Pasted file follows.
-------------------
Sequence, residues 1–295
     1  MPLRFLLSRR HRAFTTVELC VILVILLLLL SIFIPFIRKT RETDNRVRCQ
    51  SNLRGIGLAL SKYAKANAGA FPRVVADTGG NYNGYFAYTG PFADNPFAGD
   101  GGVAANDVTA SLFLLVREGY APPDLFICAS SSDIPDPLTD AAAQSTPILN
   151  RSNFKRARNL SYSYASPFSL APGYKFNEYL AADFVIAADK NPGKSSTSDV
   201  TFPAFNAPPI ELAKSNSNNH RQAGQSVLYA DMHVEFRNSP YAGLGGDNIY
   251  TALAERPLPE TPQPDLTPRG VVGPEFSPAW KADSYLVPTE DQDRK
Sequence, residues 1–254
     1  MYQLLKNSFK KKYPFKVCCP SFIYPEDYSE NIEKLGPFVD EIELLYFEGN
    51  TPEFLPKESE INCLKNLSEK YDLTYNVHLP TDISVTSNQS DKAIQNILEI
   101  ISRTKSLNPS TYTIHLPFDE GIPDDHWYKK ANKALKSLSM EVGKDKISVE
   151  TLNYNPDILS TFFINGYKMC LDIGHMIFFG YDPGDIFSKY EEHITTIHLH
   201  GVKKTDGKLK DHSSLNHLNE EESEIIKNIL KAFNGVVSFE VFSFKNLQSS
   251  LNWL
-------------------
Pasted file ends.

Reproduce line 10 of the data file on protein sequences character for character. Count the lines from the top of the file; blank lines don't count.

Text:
    51  TPEFLPKESE INCLKNLSEK YDLTYNVHLP TDISVTSNQS DKAIQNILEI